TROUBLED arts agency Creative Scotland has agreed to host a series of “open sessions” and draw up a whole new blueprint for the organisation following the resignation of its chief executive last month.
• New chief executive not expected to be in place for roadshow
• Talks will help to inform new direction of Creative Scotland
The roadshows have been announced after it emerged that the recruitment of a replacement for Andrew Dixon was being delayed for the forseeable until a major shake-up is carried out.
The remit of Creative Scotland, the deployment of staff with specialist expertise and funding programmes for artists and organisations will all be overhauled over the next few months.
The corporate plan for the body, which commands an annual budget of more than £83 million, is being redrafted in response to criticism that it features too much unwieldy jargon and business-speak.
Creative Scotland insisted the recruitment process for a new chief executive was likely to be underway by the time the new corporate plan is published in May. However a new recruit is said to be unlikely to be in place when up to six open sessions are held around the country in March and April.
A spokesman said: “There is a lot to do, but be assured that we are committed to re-building trust between Creative Scotland and all the sectors that we are here to support, while maintaining continuity of service through this period of change.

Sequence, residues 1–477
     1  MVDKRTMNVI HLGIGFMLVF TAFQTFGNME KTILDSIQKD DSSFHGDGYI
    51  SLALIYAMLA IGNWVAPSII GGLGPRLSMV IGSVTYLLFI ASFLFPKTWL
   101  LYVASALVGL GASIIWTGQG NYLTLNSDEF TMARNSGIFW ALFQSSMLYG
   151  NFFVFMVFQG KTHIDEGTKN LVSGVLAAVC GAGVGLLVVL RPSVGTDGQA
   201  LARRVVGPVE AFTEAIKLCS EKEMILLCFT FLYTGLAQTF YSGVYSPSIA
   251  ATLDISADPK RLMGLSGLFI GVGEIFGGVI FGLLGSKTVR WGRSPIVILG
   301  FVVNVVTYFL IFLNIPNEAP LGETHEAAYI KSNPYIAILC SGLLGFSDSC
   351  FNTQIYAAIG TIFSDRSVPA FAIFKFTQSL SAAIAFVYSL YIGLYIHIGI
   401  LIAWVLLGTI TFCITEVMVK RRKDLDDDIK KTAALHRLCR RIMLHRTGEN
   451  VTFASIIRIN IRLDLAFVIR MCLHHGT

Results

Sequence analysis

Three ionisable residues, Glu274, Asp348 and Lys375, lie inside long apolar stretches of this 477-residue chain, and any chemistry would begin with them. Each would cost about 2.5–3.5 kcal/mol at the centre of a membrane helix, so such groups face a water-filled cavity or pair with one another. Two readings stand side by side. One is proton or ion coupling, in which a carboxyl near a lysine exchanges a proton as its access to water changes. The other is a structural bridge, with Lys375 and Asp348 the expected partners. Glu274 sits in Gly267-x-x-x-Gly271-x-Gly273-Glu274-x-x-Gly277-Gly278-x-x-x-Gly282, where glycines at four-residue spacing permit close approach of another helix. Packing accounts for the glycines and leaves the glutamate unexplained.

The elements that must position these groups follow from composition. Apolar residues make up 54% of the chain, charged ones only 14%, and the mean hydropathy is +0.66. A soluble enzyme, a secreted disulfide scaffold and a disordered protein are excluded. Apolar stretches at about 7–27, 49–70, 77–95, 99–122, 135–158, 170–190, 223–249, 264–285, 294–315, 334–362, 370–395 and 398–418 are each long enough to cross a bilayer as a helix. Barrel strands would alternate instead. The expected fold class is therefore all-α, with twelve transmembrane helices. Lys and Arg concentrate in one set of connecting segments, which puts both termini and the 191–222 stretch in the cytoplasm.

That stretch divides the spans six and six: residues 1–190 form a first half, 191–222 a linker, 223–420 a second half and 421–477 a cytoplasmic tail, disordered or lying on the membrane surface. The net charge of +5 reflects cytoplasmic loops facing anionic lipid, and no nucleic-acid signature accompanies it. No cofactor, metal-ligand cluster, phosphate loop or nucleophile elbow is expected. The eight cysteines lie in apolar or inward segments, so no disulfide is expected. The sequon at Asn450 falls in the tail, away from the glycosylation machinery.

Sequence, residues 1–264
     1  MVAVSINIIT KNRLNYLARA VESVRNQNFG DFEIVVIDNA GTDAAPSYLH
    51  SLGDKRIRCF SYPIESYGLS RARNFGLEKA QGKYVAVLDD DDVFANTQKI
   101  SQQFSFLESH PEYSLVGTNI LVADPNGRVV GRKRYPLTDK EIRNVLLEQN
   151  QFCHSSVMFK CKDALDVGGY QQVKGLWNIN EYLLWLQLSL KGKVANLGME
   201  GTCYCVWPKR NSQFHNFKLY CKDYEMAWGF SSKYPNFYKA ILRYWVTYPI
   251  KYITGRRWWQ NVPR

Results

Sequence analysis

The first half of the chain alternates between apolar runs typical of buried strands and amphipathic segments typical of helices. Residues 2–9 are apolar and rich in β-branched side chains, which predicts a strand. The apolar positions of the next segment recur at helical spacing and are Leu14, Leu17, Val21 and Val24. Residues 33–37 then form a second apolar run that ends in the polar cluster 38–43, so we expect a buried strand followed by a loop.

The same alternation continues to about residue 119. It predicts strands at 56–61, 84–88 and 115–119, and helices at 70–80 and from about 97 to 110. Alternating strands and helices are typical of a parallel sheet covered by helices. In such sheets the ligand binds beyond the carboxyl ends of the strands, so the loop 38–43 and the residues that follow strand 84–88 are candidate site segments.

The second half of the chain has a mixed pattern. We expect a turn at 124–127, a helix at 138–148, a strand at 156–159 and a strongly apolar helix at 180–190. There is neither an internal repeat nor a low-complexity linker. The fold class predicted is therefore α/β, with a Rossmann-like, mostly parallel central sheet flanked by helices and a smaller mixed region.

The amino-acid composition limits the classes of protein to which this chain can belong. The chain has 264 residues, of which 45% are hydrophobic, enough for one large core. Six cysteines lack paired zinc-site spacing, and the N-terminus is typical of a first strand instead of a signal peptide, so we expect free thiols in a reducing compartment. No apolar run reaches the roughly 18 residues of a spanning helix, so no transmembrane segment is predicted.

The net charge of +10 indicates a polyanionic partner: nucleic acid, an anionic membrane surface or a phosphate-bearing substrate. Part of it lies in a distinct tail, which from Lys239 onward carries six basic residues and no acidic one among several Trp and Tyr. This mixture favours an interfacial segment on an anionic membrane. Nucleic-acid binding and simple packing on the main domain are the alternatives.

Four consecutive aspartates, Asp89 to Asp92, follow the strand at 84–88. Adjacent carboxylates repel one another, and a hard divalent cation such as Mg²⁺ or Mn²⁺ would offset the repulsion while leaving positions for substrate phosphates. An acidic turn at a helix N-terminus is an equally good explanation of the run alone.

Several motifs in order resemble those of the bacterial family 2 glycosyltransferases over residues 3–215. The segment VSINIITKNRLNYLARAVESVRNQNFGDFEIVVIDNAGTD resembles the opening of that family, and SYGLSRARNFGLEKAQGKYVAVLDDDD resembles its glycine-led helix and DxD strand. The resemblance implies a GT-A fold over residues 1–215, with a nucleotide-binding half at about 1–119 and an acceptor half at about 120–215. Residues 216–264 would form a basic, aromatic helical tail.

Creative Scotland’s board of directors has insisted it does not want to “rush in” to finding a replacement for Dixon.
It is understood options being considered include scrapping the post of chief executive completely, giving the new figurehead a different title or putting an interim chief officer in charge for up to 12 months.
Mr Dixon resigned shortly before Creative Scotland’s board was due to discuss how to deal with an artistic revolt over the running of the body and an internal report into management practices under the former chief executive’s regime.
A damning report, which was not published until after Dixon had resigned, revealed widespread problems due to “fractured” relationships with artists and a “gulf” between staff and senior management.
A statement from the agency’s board, led by former Standard Life chief executive Sir Sandy Crombie, admitted “many important relationships have deteriorated” since the organisation was set up in the summer of 2010 with Dixon as chief executive.
Iain Munro, one of two creative directors left at the organisation following the resignation of a third, Venu Dhupa, just before Christmas, has been placed in temporary charge of the organisation as the senior “accountable officer.”